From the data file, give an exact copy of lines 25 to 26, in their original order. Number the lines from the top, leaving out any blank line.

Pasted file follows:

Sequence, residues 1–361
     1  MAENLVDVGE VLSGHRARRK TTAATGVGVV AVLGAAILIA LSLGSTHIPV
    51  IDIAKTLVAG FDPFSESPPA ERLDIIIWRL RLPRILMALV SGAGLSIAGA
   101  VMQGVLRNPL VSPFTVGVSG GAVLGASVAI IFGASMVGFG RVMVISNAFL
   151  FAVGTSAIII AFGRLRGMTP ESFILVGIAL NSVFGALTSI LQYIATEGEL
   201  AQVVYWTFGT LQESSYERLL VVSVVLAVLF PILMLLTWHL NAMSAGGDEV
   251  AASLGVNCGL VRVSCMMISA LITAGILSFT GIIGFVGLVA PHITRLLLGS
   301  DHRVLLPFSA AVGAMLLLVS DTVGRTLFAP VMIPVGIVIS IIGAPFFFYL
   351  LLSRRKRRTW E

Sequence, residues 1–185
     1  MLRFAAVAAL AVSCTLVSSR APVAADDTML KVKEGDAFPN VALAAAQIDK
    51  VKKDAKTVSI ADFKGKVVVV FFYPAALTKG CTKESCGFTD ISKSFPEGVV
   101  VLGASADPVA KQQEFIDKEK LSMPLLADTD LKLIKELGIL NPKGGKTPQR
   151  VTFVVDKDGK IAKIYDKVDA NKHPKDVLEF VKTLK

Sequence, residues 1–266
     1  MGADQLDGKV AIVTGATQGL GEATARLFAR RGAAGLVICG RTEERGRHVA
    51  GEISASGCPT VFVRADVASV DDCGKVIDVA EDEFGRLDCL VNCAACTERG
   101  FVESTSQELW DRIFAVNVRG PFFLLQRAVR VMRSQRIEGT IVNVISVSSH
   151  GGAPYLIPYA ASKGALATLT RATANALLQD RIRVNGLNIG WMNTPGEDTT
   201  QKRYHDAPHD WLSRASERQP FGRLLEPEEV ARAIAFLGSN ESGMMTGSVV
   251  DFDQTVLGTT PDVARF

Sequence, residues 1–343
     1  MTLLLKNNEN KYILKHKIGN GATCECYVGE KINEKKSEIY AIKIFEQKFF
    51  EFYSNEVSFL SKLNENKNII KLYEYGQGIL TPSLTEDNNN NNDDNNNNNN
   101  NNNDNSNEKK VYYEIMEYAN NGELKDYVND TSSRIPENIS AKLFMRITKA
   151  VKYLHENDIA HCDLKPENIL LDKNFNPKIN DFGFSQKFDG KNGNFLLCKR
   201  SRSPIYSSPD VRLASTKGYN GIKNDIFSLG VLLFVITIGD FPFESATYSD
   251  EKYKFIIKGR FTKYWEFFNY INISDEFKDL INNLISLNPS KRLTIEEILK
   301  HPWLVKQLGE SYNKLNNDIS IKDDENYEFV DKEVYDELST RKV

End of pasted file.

   101  NNNDNSNEKK VYYEIMEYAN NGELKDYVND TSSRIPENIS AKLFMRITKA
   151  VKYLHENDIA HCDLKPENIL LDKNFNPKIN DFGFSQKFDG KNGNFLLCKR